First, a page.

The Insolvency Service will be given new powers to investigate directors of companies that have been dissolved, in a bid to close a legal loophole and act as a “strong deterrent” against the misuse of the dissolution process.
The process will no longer be able to be used as a method of fraudulently avoiding repayment of Government backed loans given to businesses to support them during the pandemic
Extension of its power to investigate also includes relevant sanctions, such as the disqualification from acting as a company director for up to 15 years.
At present, the Insolvency Service has powers to investigate directors of live companies or those entering a form of insolvency, and if wrongdoing or malpractice is found, directors can face sanctions including a ban of up to 15 years.
The measure will also help to prevent directors of dissolved companies from setting up a “near identical” business after the dissolution, often leaving customers and other creditors, such as suppliers or HMRC, unpaid.
The measures included in the Ratings (Coronavirus) and Directors Disqualification (Dissolved Companies) Bill are retrospective and will enable the Insolvency Service to also tackle Directors who have “inappropriately” wound-up companies that have benefited from Bounce Back Loans.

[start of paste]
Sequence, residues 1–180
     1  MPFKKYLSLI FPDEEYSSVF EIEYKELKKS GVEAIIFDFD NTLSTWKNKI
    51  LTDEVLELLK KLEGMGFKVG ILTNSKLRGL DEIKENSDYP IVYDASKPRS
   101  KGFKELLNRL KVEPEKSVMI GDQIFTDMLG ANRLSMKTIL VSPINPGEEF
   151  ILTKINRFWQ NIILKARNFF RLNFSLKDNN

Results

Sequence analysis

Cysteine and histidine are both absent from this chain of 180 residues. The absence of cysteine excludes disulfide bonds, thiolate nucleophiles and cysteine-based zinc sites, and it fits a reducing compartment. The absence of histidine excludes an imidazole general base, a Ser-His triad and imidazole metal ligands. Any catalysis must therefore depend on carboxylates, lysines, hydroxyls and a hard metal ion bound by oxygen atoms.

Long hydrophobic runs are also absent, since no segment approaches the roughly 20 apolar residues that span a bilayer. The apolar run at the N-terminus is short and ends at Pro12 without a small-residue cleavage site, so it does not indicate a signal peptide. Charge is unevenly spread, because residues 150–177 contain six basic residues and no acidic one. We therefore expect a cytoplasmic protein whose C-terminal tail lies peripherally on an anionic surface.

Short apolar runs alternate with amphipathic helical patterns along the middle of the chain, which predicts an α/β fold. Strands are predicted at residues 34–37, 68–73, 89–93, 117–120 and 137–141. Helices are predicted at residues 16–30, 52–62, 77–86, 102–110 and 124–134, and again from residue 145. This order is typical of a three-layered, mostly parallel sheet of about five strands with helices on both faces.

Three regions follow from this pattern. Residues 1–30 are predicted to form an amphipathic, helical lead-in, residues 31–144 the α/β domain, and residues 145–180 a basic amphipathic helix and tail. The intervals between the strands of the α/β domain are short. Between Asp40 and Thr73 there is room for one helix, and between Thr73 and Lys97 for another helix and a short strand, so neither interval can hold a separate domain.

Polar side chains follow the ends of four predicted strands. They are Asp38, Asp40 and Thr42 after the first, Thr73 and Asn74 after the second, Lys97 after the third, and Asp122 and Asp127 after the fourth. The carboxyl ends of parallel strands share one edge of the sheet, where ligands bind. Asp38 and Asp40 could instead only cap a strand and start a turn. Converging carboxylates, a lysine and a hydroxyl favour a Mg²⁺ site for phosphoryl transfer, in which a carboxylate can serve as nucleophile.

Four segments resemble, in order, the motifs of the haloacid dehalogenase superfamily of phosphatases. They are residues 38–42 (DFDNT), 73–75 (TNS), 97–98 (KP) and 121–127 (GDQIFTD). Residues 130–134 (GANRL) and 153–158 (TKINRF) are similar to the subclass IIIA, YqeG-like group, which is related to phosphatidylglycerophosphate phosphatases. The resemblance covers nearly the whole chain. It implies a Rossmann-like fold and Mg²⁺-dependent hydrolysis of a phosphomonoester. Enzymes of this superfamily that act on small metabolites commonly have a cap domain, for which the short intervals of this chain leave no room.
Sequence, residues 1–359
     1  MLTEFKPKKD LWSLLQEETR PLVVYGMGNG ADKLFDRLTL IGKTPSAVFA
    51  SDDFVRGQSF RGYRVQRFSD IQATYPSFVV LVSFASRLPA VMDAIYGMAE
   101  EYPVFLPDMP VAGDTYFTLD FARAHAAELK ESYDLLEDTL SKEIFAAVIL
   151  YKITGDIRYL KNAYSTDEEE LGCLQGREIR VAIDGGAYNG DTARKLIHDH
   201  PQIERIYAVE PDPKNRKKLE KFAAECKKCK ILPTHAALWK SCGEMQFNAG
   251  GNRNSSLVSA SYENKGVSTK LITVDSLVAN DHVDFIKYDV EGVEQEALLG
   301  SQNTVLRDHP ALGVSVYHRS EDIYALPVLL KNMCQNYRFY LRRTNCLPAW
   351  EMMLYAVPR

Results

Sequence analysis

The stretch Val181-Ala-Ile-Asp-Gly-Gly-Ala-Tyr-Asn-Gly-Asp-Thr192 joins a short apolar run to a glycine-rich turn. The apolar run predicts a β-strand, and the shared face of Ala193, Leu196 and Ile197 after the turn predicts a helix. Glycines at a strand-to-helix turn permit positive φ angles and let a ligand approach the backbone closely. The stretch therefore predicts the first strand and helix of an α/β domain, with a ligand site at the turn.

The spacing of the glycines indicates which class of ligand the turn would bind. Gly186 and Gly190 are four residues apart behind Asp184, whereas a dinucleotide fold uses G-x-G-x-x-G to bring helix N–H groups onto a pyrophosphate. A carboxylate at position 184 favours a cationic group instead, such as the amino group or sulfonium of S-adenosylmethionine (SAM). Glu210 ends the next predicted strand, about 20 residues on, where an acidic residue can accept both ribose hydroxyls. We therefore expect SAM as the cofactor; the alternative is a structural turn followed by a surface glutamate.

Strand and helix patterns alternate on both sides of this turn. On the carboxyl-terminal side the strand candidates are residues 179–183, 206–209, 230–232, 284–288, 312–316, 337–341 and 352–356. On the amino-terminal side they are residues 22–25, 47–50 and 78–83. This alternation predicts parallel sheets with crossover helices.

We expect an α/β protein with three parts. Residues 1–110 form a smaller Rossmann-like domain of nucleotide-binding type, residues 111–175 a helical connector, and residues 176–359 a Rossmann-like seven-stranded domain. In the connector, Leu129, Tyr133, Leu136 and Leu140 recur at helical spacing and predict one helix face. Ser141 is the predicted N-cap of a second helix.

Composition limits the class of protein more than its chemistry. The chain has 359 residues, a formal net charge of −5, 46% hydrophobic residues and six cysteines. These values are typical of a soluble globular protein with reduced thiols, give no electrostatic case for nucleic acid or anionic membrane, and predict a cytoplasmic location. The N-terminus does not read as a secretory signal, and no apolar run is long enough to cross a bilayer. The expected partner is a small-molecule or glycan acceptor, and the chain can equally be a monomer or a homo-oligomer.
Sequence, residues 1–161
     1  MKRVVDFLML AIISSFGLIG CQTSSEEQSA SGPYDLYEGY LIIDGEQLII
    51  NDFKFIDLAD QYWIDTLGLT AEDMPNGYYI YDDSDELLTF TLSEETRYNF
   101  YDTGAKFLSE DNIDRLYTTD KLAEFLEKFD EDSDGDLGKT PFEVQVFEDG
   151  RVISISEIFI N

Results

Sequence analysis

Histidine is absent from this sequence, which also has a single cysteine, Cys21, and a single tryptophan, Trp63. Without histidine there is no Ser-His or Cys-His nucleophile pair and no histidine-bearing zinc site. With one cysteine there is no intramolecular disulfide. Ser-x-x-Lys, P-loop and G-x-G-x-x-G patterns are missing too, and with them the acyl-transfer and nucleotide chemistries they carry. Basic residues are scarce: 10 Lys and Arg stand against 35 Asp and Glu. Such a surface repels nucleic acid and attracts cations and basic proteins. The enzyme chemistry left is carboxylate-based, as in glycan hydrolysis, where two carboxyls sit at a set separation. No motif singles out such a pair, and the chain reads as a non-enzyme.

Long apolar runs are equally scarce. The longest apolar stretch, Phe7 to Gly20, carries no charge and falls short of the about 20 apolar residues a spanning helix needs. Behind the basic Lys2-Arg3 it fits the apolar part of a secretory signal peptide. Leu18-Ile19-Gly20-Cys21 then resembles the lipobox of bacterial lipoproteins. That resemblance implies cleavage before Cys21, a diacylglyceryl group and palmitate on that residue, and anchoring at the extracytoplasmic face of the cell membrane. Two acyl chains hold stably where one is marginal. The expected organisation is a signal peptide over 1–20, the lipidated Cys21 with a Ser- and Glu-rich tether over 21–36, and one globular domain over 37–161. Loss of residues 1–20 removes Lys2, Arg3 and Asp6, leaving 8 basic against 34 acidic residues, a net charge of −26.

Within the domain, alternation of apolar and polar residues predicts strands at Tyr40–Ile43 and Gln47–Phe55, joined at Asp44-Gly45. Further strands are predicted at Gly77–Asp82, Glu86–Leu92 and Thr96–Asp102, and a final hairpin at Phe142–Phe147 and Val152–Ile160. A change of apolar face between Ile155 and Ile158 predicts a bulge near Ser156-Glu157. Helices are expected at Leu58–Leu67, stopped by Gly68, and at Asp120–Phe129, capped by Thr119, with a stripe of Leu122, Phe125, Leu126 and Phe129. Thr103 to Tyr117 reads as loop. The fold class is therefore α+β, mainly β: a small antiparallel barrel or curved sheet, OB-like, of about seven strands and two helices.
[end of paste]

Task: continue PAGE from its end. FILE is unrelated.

Business secretary Kwasi Kwarteng said: “As we build back better from the pandemic, we need to restore business confidence, but also people’s confidence in business – which is why we will not hesitate to disqualify directors who deliberately leave employees and the British taxpayer out of pocket.
“We are determined that the UK should be the best place in the world to do business. Extending powers to investigate directors of dissolved companies means those who have previously been able to avoid their responsibilities will be held to account.”
Dr Roger Barker, director of Policy and Corporate Governance at the Institute of Directors, said: “Company directors fulfil a central role in ensuring that their businesses are well governed.
“Although corporate dissolution may be inevitable in some cases, it should only be used as a last resort – after all other realistic avenues for protecting the interests of stakeholders have been exhausted. Using company dissolution as a mechanism for the evasion of a directors’ duties has no place in the governance of a responsible enterprise.”